Colchester: Hospital reported to the police after claims patients’ cancer records were falsified

Colchester-General-Hospital

A hospital trust has been reported to the police after staff complained that they were being “pressured or bullied” to falsify data relating to cancer patients.

A number of cancer patients suffered “undue delays” at Colchester Hospital University NHS Foundation Trust, the Care Quality Commission (CQC) said.

CQC inspectors found that there were “inaccuracies” with waiting time data relating to cancer treatment.

Staff told inspectors they were “pressured or bullied” to change data relating to patients and their treatment to make it seem like people were being treated in line with national guidelines, a CQC spokesman said.

As a result some patients may not have had the treatment they needed in time, the spokesman added.


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The watchdog has passed its findings to Essex Police, he said.

Medical Director of Colchester Hospital University NHS Foundation Trust, Dr Sean MacDonnell, said he was “shocked and dismayed” by the findings and said the hospital was working to ensure its cancer services were “consistently safe”.

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When inspectors visited the trust in August and September they checked the national cancer waiting times system against patient records and found discrepancies in the records and types of treatment recorded for some cancer patients, the CQC said.

The spokesman said that of the 61 care records examined, 22 showed that people had been “placed at risk of receiving care that was unsafe or not effective, due to delays in receiving appointments or treatment”.

In some cases people did not get their treatment within the required 62 days, and in three cases delays exceeded 100 days.

Even though an internal trust investigation in 2012 identified concerns, hospital bosses failed to investigate the allegations thoroughly or follow up with the patients who were affected, the watchdog said.

The CQC said that the trust has written to 30 patients, or their next of kin - where patients have died, offering to review their treatment.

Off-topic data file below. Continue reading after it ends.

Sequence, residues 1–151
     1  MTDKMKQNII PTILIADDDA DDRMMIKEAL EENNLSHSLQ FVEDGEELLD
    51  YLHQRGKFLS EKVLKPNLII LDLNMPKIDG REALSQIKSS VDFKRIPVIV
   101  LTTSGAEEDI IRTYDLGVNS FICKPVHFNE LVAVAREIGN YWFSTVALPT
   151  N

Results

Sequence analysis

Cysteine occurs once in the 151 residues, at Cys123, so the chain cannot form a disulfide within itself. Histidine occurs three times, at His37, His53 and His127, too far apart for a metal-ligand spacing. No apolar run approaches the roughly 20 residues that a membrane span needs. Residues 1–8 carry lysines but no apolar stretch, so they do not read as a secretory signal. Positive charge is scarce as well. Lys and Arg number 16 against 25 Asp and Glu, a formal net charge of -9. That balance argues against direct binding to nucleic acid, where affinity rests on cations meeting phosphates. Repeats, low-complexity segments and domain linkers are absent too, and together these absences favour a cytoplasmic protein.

Dr Sean MacDonnell said: “On behalf of the Trust, I apologise to the patients, relatives and carers who we have let down. We are very sorry for the worry, distress and concerns that have been raised by the publication of the CQC report into our cancer services.

“Our priority is to focus on the safety and welfare of all cancer patients.

“We urge all patients currently using our cancer services to keep their appointments. The issues in the CQC report are primarily about delays to treatment and it is vitally important that patients continue with their treatment.

“We are already working with the CQC, Monitor, local GPs, North East Essex Clinical Commissioning Group [CCG] and NHS England, as well as independent, external experts, to make sure that all of our cancer services are consistently safe and comply with national standards. With their help, we have already implemented a number of improvements.

“Both myself and staff throughout the Trust are shocked and dismayed by the concerns raised in the CQC report. Patients and the public can be reassured that we are taking the findings extremely seriously and are determined to get to the bottom of the issues and sort them out.

“If there is any evidence that any of our staff have inappropriately adjusted and reported cancer figures, the Trust will take the strongest possible action against them. Equally, the Trust will take action against any employee involved in bullying, harassment or coercion of its staff by other staff, if this appears to have happened in relation to changes made to data.

A spokesman for Essex Police added: “Essex Police has been contacted by the CQC and is currently reviewing information it has provided to establish whether a criminal investigation is necessary.”

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